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RE: Confussion over multi-homing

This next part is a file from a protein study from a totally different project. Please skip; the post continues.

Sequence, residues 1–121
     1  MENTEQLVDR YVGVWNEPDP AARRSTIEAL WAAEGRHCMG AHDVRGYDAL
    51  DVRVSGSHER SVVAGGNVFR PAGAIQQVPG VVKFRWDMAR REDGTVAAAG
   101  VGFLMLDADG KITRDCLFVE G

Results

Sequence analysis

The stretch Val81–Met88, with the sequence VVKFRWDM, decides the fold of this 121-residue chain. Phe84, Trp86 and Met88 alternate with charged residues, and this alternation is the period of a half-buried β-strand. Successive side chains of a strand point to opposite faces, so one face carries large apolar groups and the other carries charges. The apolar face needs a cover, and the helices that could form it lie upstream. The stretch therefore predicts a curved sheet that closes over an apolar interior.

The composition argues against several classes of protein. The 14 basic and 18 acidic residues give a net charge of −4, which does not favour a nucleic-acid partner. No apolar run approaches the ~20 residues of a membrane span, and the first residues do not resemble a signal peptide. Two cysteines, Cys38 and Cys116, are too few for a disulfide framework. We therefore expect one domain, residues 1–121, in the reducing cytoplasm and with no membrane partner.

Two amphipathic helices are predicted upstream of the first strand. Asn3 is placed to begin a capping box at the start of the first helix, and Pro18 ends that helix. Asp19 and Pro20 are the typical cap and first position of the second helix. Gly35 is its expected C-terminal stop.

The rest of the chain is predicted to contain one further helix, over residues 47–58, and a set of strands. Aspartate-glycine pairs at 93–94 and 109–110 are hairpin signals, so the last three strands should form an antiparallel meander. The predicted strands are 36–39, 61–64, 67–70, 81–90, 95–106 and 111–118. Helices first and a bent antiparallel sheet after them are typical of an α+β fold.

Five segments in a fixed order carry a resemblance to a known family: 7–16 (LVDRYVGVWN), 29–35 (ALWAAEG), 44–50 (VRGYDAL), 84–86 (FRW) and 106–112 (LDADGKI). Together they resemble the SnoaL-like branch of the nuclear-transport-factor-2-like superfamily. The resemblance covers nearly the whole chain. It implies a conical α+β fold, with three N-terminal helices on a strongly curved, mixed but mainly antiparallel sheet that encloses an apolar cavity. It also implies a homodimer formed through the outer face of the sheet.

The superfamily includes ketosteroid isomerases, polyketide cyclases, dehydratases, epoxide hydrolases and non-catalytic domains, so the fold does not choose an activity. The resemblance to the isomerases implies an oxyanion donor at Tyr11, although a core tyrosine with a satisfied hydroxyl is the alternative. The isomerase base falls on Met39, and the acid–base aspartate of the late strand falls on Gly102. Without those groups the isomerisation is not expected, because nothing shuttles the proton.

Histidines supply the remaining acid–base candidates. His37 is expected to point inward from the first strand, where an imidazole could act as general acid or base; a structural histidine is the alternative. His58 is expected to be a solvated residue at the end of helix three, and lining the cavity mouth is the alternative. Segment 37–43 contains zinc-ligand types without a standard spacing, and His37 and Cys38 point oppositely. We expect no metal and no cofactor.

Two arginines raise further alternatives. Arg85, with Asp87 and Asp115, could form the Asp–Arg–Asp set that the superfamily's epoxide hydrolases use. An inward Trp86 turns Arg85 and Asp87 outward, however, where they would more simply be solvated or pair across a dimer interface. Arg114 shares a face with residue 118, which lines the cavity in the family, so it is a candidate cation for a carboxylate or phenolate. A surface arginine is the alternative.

has *ANYBODY* done this? -- Network Working Group T. Bates Request for Comments: 2260 Cisco Systems Category: Informational Y. Rekhter Cisco Systems January 1998 Scalable Support for Multi-homed Multi-provider Connectivity <...> 5.2. Further improvements <...> An enterprise border router would maintain EBGP peering not just with the directly connected border router of an ISP, but with the border router(s) in one or more ISPs that have their border routers directly connected to the other border routers within the enterprise. We refer to such peering as "non-direct" EBGP. An ISP that maintains both direct and non-direct EBGP peering with a particular enterprise would advertise the same set of routes over both of these peerings. An enterprise border router that maintains either direct or non-direct peering with an ISP advertises to that ISP reachability to the address prefix that was allocated by that ISP to the enterprise. Within the ISP routes received over direct peering should be preferred over routes received over non-direct peering. Likewise, within the enterprise routes received over direct peering should be preferred over routes received over non-direct peering. Forwarding along a route received over non-direct peering should be accomplished via encapsulation [RFC1773]. As an illustration consider an enterprise connected to two ISPs, ISP-A and ISP-B. Denote the enterprise border router that connects the enterprise to ISP-A as E-BR-A, and the ISP-A border router that is connected to E-BR-A as ISP-BR-A; denote the enterprise border router that connects the enterprise to ISP-B as E-BR-B, and the ISP-B border router that is connected to E-BR-B as ISP-BR-B. Denote the address prefix that ISP-A allocated to the enterprise as Pref-A; denote the address prefix that ISP-B allocated to the enterprise as Pref-B. E-BR-A maintains direct EBGP peering with ISP-BR-A and advertises reachability to Pref-A over that peering. E-BR-A also maintain a non-direct EBGP peering with ISP-BR-B and advertises reachability to Pref-B over that peering. E-BR-B maintains direct EBGP peering with ISP-BR-B, and advertises reachability to Pref-B over that peering. E-BR-B also maintains a non-direct EBGP peering with ISP-BR-A, and advertises reachability to Pref-A over that peering. When connectivity between the enterprise and both of its ISPs (ISP-A and ISP-B is up, traffic destined to hosts whose addresses were assigned out of Pref-A would flow through ISP-A to ISP-BR-A to E-BR- A, and then into the enterprise. Likewise, traffic destined to hosts whose addresses were assigned out of Pref-B would flow through ISP-B to ISP-BR-B to E-BR-B, and then into the enterprise. Now consider what would happen when connectivity between ISP-BR-B and E-BR-B goes down. In this case traffic to hosts whose addresses were assigned out of Pref-A would be handled as before. But traffic to hosts whose addresses were assigned out of Pref-B would flow through ISP-B to ISP-BR-B, ISP-BR-B would encapsulate this traffic and send it to E- BR-A, where the traffic will get decapsulated and then be sent into the enterprise. Figure 2 below describes this approach graphically. +---------+ +---------+ ( ) ( ) ( ISP-A ) ( ISP-B ) ( ) ( ) +---------+ +---------+ | | +--------+ +--------+ |ISP-BR-A| |ISP-BR-B| +--------+ +--------+ | /+/ | /\ | Pref-B /+/ | || | /+/ \./ Pref-A| /+/ non- /.\ || | /+/ direct | | /+/ EBGP | +------+ +-------+ |E-BR-A|-----------|E-BR-B | +------+ IBGP +-------+ Figure 2: Reachability information advertised via non-direct EBGP Observe that with this scheme there is no additional routing information due to multi-homed enterprises that has to be carried in the "default-free" zone of the Internet. In addition this scheme doesn't degrade in the presence of ISPs that filter out routes based ^^^^^^^^^^^^^^^^^^^^^^^^^^^^^^^^^^^^^^^^^^^^^^^^^^^^^^^^^^^^^^^^^^^^ on the length of their address prefixes. Note that the set of routers within an ISP that maintain non-direct peering with the border routers within an enterprise doesn't have to be restricted to the ISP's border routers that have direct peering with the enterprise's border routers. The non-direct peering could be maintained with any router within the ISP. Doing this could improve the overall robustness in the presence of failures within the ISP. -- thanks, -- dima.